Once I feel that I’ve played enough, I put on my “game designer hat” and start thinking about the areas I’d work on. How I might create more excitement for the player, more flow, more interesting choices, metagame depth, and UX improvements.
All the bugs that I’ve encountered will be shared with the developers. I take screenshots and highlight items on the screens.
If you haven’t worked on games before but want to give feedback?
I think that any investor could give feedback on builds. If you don’t think you can communicate game design terminology, just focus on:
A. The moments of confusion, which parts of the game were hard to understand.
B. Flow. Where you didn’t want to stop, since that will tell the developers what is working well and what isn’t.
C. Feeling progress where you learned new skills, new mechanics or discovered interesting choices or options in the game.
📈 Early-Stage Success in Gaming
Last week, I did a webinar with James Cramer from Skunkworks Games, who’ve recently found success in the merge genre of mobile with their game MergeFrinds. I want to revisit all the points that we went through on the webinar.
Early Stage Focus
First, the company set forth to raise at least €30k to trigger €50k grant from Business Finland. After raising a combined €100k, the team focused on two aspects
A. Keep costs as low as possible for as long as possible until something stuck.
B. Use the combined €100k to build and validate as many games as possible, as quickly as possible.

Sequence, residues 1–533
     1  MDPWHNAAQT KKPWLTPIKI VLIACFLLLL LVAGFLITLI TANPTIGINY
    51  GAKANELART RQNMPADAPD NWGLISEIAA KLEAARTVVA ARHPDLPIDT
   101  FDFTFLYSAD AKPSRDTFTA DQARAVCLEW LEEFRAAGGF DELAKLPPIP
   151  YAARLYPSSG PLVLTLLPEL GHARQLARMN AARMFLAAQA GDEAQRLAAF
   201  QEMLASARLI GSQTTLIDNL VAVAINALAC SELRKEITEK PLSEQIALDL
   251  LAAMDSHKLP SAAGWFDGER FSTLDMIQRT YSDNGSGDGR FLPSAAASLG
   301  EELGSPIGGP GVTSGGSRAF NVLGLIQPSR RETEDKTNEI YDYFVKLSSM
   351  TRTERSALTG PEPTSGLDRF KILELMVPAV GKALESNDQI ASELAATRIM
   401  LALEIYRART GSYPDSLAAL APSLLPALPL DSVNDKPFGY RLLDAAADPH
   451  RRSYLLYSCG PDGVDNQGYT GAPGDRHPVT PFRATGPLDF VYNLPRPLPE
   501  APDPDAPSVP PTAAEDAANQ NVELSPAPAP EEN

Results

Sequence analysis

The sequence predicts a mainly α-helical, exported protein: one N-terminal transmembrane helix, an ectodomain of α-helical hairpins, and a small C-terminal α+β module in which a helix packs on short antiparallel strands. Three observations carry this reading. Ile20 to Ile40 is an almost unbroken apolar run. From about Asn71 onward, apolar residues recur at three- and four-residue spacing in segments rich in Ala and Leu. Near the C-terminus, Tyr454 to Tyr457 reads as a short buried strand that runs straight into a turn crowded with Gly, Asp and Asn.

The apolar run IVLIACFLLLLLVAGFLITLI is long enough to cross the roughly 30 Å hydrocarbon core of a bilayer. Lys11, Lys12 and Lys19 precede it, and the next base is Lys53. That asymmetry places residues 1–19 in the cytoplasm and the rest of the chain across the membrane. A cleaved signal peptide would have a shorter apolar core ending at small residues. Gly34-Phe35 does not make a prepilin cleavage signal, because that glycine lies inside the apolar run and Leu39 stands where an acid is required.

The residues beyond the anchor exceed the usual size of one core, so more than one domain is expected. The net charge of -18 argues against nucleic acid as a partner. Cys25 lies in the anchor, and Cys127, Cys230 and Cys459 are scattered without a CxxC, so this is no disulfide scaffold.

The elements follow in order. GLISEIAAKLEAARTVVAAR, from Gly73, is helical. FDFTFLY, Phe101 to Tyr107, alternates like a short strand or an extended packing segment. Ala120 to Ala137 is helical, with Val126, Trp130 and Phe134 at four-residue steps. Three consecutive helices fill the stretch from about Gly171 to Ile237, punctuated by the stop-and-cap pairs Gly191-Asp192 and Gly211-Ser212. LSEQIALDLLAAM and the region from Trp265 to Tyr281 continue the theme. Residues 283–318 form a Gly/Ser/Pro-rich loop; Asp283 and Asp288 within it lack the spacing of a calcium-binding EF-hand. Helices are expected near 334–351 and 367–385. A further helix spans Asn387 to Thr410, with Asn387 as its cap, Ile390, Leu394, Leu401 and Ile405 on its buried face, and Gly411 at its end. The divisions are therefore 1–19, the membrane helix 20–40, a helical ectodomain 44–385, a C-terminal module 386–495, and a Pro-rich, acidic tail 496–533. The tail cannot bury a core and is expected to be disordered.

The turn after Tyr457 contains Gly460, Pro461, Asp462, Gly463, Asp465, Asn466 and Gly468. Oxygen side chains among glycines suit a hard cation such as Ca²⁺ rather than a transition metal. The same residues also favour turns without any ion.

My five cents: rapid development and focusing on games that can be built as quickly as possible, helps to mitigate a lot of risks, like one big game, where below-average metrics could jeopardize the company. Or needing to raise additional funding to pivot to a new game.
“I went back over some old conversations with one of our angels. I told him that we’d make 6-10 prototypes in 2020. We made three, and one worked. So, we were on course, to do something good.”
MergeFriends showing promise, drop everything else
“[MergeFriends started] killing it in soft launch. Doing really well. And it was enough to allow us to make a decision very quickly, Hey, we just drop everything else we’re doing and we just focus on this. Like we drop all the pretense. We just go forward with this.”
Rapid development principle
“So we’re fast when it comes to to prototyping and getting the game out into soft launch. If we were to do this process again, now, I don’t think much would change. One thing that would change is the level of quality in that two months [of development] — the ability to get something even better into soft launch. And I think one month to validate is just about right, because you get your day-30 [retention number.]”
Fundraising is a Dungeon Crawler
I wrote this tweet a while ago:
“Building a startup is like playing a game, with lots of levels and boss fights. Eventually, you beat the boss and get to the next level. But the content gets harder, so you need to get better along the way.” Check out the Tweet here.
James illustrates the example of a dungeon crawler, where the company needs to graduate from one stage to the next, before they can raise from the investors who operate in those stages.
“If you like us: a less experienced team, you’ll need to work your asses off. Just stay in the first dungeon, until you are absolutely sure that you have everything you need to get into the second one. For us, that meant making multiple prototypes.”
“To get through into preseed, that meant having a game with very good metrics. And not just a couple of days of metrics, but an entire 30-day cycle. We needed to be able to project the retention numbers and the engagement numbers. Revenue wasn’t that important, and it’s still not that important now.”